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President Donald Trump said Tuesday that while he believes his daughter, Ivanka Trump, would make an "incredible" U.S. ambassador to the U.N., he would be accused of "nepotism" if he named her.
"How good would Ivanka be?" he asked rhetorically before dismissing the idea.
"I think Ivanka would be incredible but it doesn't mean [I would name her]," Trump said. "I would be accused of nepotism." He added that he thought there was no one "more competent in the world" than Ivanka Trump.
Speaking to reporters on the South Lawn of the White House just hours after Nikki Haley announced that she would be leaving the prestigious diplomatic post, Trump said that Ivanka Trump, who currently serves as a White House adviser to him, would be competent for the job but that he would face nepotism charges if he appointed her to it.
Shortly after her father's remarks, Ivanka Trump said on Twitter that she had no interest in succeeding Haley.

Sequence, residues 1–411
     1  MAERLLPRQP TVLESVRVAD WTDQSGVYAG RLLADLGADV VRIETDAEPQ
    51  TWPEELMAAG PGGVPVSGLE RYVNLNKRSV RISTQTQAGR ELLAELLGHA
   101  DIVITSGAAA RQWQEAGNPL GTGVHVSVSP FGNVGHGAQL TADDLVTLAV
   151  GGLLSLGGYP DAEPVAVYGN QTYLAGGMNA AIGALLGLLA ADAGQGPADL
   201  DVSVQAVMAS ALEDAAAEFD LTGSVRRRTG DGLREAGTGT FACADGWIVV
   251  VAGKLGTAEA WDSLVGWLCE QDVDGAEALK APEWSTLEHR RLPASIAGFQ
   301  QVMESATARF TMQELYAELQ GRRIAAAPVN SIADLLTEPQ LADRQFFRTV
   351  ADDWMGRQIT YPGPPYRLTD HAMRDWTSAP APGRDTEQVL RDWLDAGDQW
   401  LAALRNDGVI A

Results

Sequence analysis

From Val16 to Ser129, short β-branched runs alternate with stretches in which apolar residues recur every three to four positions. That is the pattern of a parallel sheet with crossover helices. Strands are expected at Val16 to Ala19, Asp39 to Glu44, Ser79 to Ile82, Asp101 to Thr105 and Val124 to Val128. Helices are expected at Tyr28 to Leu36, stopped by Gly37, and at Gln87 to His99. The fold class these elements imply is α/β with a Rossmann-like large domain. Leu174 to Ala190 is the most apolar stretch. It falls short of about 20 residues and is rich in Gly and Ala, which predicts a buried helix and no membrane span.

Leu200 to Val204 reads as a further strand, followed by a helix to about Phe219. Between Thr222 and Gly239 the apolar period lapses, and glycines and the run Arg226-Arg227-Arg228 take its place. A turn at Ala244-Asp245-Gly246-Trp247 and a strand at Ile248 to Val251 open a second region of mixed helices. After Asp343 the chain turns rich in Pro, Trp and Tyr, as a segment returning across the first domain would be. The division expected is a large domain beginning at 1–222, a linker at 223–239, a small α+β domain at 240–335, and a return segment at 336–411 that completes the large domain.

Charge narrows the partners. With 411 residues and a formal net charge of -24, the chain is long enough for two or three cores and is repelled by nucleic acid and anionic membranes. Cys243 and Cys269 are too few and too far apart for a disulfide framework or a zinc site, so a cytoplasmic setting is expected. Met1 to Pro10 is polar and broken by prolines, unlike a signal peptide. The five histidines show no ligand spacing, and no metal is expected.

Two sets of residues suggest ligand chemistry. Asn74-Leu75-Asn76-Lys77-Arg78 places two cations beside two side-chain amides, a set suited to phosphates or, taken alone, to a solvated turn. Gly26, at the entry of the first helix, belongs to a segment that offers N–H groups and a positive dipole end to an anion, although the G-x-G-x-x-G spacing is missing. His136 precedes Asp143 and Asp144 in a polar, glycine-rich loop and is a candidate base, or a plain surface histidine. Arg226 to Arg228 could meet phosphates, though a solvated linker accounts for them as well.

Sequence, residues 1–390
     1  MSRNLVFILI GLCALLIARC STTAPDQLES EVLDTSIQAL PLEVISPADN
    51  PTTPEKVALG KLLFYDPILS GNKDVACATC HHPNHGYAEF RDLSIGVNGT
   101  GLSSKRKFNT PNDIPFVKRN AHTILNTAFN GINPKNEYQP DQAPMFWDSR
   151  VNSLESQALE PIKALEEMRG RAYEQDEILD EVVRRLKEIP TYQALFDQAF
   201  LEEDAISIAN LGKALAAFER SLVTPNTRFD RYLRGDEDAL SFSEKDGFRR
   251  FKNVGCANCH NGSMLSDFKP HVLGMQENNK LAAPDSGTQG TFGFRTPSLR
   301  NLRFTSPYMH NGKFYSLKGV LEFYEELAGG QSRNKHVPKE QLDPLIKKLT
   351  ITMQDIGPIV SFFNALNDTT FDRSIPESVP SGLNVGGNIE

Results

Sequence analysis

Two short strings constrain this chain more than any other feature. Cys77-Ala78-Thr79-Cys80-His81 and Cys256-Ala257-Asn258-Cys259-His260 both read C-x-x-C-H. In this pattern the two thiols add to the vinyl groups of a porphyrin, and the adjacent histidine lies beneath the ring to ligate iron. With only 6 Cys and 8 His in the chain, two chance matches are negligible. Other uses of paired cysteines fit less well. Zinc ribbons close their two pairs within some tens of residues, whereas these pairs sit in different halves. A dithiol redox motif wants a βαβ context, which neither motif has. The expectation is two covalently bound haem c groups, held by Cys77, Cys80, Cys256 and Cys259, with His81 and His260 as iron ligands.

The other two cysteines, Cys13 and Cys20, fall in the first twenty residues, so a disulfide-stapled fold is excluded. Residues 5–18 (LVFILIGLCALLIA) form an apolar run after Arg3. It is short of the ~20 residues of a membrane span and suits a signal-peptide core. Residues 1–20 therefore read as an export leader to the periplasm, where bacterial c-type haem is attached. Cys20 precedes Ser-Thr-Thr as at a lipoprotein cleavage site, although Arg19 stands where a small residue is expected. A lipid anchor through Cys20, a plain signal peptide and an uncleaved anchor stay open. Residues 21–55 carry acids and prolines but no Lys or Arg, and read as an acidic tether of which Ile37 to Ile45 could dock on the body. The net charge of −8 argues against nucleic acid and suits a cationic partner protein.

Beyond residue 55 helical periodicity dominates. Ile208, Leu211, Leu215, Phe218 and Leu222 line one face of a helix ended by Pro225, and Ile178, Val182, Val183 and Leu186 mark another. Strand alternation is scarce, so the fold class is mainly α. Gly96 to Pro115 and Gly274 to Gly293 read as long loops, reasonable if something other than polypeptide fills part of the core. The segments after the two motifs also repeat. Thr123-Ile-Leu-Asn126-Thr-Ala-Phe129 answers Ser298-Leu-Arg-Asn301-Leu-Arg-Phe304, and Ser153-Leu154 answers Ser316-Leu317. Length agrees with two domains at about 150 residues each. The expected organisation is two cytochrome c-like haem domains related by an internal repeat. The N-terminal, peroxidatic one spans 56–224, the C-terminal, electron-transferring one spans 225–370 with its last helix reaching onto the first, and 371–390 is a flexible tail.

"That replacement will not be me," she said.
Federal law may preclude the president from appointing relatives to the U.N. ambassadorship, since it would be considered a post within an executive agency.
Trump will have some time to replace Haley, who appeared with him at the White House earlier Tuesday, because her resignation won't be effective until the end of the year.
Trump confirmed that Dina Powell, a former deputy national security adviser in his administration, could get the U.N. job.
"Dina is a person I would consider," he said, adding that there are "many names" that might be in the mix.
Later, as he traveled to Iowa for a reelection campaign rally on Air Force One, Trump told reporters that he had a short list of five candidates for Haley's job that includes Powell but not U.S. Ambassador to Germany Richard Grenell.
"He is doing so well in a position that is so important," Trump said. "I wouldn't want to move him. I'd personally rather keep Ric where he is."
Of Powell, Trump said, "Dina would love it."